I really haven’t talked that much about religion over the past decade. I haven’t written about it secretly, or even thought too hard on the subject. If you have been reading this blog you might find this a bit surprising. But I didn’t want the atheist label, and I didn’t see the point in disrupting everyone’s lives over something that could just as easily stay inside my head. To other atheists I spoke as an atheist- even if I never said the words out loud. But I felt no need to be dramatic about it.

So what changed my mind?

It started with biting my tongue. I have engaged in plenty of religious debates over the years, but my position was always as a liberal Christian (even if I never said the words out loud). I never pushed anyone away from a belief in god, but rather toward acting like a more reasonable and loving Christian. And when a Christian thinks you are also a Christian, they tend to listen better.

But I had so much more to say that I kept to myself. When I started writing online, occasionally I would stray into a religious area. That’s when I found myself writing about religion for the first time, only I was deleting almost all of it because it wasn’t the right platform. These weren’t my readers. Who were my readers? At the time I thought no one out there would care.

Then I was turned on to stories of clergy leaving the ministry to embrace atheism. Stories in the news like Ryan Bell’s Year Without God really hit home with me. I heard his story on a podcast and identified so much with what he said about losing faith that I started to seek out other people who had left the church. Why had I never done this before?

Suddenly religion was very much on my radar again, because for the first time I saw glimpses of what I had been missing: a community of people who not only shared my spiritual beliefs, but who had been where I had been. It would seem that they had even been inside my very head.

I no longer feel emotional about god, but I love the topic of religion. I also happen to have a little experience. As a writer nothing makes me feel more accomplished than expressing an experience in words so that another person knows exactly where my brain was at the time. I want them to feel what I felt and understand. Many of my posts are just a documentation of the past, and it does not weigh heavy on my mind. Today I am certain of my atheism, and the journey to get here was both stressful and exhilarating. I am absolutely happier without god, but I want to be honest for those who may be going through what I have been through.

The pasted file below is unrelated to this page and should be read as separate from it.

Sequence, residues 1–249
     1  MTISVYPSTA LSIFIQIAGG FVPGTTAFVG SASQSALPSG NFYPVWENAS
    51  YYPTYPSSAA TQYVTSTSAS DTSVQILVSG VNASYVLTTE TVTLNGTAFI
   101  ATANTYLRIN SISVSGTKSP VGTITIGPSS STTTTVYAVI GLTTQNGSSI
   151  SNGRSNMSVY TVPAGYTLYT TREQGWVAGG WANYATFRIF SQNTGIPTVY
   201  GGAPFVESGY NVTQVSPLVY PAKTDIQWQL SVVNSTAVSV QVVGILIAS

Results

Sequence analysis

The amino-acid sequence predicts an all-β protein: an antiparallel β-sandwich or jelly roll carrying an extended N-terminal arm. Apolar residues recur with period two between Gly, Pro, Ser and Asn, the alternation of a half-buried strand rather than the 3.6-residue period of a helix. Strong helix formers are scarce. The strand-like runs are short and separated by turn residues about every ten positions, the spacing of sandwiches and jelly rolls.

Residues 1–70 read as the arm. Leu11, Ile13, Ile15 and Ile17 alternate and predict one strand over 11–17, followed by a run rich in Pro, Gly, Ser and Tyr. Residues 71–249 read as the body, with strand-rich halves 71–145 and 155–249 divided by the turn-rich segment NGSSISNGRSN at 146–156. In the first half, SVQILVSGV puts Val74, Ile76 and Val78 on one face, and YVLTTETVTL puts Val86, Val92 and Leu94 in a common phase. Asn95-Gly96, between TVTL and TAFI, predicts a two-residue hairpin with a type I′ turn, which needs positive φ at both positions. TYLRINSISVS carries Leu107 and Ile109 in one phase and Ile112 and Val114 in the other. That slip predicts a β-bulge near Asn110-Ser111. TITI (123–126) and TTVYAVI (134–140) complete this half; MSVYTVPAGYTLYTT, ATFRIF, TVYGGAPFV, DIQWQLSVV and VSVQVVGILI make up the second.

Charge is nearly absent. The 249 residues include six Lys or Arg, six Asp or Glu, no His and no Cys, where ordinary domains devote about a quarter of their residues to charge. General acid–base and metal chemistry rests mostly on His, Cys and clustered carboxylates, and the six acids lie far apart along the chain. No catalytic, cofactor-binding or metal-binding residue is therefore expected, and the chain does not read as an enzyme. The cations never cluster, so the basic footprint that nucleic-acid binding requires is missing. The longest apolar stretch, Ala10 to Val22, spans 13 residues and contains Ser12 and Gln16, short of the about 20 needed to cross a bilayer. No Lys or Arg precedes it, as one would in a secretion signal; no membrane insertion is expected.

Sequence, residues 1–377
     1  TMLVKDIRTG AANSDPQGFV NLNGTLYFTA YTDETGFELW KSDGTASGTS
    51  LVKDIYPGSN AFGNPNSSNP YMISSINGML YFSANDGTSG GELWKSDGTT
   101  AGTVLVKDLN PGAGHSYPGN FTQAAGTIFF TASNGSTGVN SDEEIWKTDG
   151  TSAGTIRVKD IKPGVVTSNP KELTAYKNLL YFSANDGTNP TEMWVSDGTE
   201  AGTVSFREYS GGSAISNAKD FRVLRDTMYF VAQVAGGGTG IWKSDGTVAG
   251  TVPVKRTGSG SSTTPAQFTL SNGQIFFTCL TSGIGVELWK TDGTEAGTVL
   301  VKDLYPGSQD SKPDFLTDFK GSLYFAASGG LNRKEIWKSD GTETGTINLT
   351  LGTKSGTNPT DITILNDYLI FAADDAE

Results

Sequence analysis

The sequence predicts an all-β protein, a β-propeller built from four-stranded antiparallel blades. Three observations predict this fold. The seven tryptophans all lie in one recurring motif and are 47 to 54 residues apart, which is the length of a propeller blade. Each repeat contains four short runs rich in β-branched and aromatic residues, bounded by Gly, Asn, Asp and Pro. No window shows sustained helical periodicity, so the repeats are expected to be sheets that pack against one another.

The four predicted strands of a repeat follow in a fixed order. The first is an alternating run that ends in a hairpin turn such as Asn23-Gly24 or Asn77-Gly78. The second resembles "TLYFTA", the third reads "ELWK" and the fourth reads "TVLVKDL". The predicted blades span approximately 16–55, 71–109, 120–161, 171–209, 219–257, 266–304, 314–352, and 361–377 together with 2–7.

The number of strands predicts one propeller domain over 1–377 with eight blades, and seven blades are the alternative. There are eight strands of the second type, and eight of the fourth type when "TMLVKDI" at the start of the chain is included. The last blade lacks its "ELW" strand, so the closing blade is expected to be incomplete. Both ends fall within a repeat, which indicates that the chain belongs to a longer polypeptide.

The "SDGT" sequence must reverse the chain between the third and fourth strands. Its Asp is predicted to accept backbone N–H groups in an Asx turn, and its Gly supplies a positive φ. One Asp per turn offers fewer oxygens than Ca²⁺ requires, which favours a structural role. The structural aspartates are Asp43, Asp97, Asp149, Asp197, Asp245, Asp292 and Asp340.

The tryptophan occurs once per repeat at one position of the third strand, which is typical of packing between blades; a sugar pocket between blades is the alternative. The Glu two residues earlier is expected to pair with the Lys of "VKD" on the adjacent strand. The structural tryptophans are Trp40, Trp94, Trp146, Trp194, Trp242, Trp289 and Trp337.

So that’s how I got here. I have no rules about what I might post, but I have spent some time on the deconversion process because it has connected me with others who relate to what I describe. These people make sense to me and I want to know more of them. I am no longer at odds with god, and sometimes I have to be careful that my negative experience with extreme religious ideas do not harden me to the things I still find fascinating; such as the human capacity to embrace magical ideas so firmly.

I was once a believer, after all.

One thing I most enjoyed on the path away from religion was the discovery of different beliefs from different cultures throughout time. Without an emotional attachment it was easy to see the insanity and beauty in what we create in absence of certainty. I love the idea of mysterious beings with varying degree of power. I love that even among our most skeptical, there is no limit to what we are willing to dream possible. Religion is a side-effect of a more important characteristic, and it would seem that religion must also have been inevitable since the dawn of time.

For me there are no less than a billion reasons to talk about religion. Sometimes I don’t know where to start. I want to share what I have learned, but I also want to know more. Not because I am looking for a belief system, but because there are so many truths about humanity that I haven’t figured out yet- and these are things I can know now. So expect a post or ten about that. Because we are far more mysterious than any god concept we will ever dream up.


3 thoughts on “Holding On To Religion

  1. “It would seem that they had even been inside my very head.”

    Isn’t that the true. I shared with you in a previous post that I had gone through my deconversion alone and during that time I didn’t know anyone who had gone through a deconversion, both off and online. Neither had I ever met or known an atheist, to my knowledge. So I was stunned to later learn how similar our deconversion experiences were.

    Great post.

    1. I went through it alone, too. I knew atheists, but none (to my knowledge) had been believers like me. Now it seems everyone I meet around here is telling my story.

      Thank you 🙂

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